2.2 Health Data

We retrieved the daily records of outpatient visits for psoriasis between October 1, 2014, and December 31, 2020, from the Dermatology Hospital of Southern Medical University, Guangzhou, China. All visits were registered based on the 10th version of the International Statistical Classification of Diseases and Related Health Problems (ICD-10). Outpatient visits records was used because of the nature of medical care in China, where there is no necessity to pre-schedule medical appointments, thus allowing individuals to visit and revisit clinics instantly under various medical conditions, such as onset, aggravation, or relapse of diseases. The daily records of outpatient visits could be used to estimate whether psoriasis is due to the short-term effects of ambient NO2 exposure.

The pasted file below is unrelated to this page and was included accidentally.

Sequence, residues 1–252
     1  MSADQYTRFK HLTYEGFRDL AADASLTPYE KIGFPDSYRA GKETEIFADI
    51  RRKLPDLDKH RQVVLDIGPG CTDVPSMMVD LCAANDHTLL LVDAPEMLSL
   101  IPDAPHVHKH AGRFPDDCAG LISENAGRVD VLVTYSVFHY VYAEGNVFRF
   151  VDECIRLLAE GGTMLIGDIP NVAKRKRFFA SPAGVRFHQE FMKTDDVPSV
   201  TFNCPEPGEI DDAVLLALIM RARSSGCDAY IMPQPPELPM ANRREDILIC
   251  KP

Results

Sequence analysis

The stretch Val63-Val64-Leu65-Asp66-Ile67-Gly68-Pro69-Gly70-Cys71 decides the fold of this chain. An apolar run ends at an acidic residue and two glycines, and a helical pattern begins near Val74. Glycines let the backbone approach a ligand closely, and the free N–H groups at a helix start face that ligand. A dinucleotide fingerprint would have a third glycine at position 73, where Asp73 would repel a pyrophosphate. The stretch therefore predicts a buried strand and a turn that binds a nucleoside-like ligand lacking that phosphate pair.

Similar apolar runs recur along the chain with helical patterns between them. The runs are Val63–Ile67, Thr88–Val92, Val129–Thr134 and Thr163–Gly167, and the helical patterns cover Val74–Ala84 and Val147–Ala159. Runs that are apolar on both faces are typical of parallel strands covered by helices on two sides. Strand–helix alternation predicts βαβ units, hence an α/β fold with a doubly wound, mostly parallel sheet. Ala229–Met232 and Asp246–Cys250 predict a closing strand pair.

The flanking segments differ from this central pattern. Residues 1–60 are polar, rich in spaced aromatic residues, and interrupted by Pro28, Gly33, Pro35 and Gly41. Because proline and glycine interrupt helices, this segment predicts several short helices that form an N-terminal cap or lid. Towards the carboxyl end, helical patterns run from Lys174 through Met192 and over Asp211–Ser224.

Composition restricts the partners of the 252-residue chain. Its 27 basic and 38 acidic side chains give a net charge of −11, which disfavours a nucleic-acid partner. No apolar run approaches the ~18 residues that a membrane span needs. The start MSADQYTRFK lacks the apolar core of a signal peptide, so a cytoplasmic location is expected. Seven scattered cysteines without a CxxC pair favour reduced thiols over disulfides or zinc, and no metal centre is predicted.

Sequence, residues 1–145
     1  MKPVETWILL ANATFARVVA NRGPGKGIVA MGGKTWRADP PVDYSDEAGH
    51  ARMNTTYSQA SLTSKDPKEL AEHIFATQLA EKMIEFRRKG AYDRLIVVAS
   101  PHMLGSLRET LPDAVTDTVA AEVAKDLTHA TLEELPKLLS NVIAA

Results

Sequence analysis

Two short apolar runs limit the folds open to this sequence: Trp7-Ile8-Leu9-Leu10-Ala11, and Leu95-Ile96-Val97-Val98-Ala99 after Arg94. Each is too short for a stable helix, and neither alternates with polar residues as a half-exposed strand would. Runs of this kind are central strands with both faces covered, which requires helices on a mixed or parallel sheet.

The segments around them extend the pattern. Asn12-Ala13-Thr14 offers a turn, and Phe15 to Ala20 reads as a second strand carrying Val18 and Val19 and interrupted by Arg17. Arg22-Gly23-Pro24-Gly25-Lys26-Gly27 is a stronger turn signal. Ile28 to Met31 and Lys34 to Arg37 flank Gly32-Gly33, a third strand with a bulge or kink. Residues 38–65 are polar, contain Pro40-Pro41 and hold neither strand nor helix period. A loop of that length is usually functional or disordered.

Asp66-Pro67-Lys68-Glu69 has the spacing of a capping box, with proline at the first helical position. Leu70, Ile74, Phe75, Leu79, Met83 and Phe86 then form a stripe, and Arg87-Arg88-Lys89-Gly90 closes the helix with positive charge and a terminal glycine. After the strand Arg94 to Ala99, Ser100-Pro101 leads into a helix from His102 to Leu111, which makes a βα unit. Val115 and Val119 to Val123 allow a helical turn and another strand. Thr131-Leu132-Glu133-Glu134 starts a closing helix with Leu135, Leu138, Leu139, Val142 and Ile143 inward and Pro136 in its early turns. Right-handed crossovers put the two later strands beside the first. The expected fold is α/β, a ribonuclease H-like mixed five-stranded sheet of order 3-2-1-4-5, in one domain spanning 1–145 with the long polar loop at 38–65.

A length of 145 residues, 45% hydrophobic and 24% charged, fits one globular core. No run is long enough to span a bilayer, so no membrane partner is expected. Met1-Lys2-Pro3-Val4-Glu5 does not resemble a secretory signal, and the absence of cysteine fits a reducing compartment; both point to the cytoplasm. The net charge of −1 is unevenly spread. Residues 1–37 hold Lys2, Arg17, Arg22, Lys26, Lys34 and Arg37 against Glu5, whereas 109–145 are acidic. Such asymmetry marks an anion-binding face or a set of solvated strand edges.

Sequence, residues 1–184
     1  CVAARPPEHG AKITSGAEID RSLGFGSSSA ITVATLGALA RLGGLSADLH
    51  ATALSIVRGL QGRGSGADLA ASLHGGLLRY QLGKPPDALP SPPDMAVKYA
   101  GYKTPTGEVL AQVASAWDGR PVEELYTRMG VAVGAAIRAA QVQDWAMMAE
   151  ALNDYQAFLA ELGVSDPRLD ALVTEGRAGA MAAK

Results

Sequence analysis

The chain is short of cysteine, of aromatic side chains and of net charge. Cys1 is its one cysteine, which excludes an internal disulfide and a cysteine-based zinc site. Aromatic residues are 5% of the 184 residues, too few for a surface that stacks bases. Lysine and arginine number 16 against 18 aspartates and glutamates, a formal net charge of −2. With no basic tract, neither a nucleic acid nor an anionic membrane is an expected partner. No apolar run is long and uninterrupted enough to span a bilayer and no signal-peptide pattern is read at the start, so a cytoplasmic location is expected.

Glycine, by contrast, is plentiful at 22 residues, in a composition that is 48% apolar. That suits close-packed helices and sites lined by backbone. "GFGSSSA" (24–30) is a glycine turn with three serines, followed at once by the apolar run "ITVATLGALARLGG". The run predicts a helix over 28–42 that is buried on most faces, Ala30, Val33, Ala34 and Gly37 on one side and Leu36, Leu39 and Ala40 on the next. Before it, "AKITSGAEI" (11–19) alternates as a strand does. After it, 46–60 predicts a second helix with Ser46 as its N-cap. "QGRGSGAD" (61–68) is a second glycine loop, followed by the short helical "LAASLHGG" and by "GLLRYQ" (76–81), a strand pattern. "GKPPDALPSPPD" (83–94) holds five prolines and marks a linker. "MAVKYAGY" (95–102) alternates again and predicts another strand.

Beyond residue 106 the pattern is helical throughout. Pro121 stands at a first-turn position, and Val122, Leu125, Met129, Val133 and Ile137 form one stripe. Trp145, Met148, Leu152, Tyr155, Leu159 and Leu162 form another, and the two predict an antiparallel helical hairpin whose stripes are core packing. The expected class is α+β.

The analytical dataset for this study was developed based on the following inclusion criteria (Fig. 1): (1) outpatient visits were recorded as ICD-10 L40 and (2) they were recorded as patients returning for follow-ups. The following exclusion criteria were also applied to retrieve medical records: (1) without age or residential information and (2) location of residence indicated as being “outside Guangzhou.”

Fig. 1. Participant enrollment protocol.Fig. 1. Participant enrollment protocol.

This study was approved by the Medical Ethics Committee of the Dermatology Hospital, Southern Medical University, and complied with the Declaration of Helsinki: Ethical Principles for Medical Research Involving Human Subjects.

2.3 Environmental Data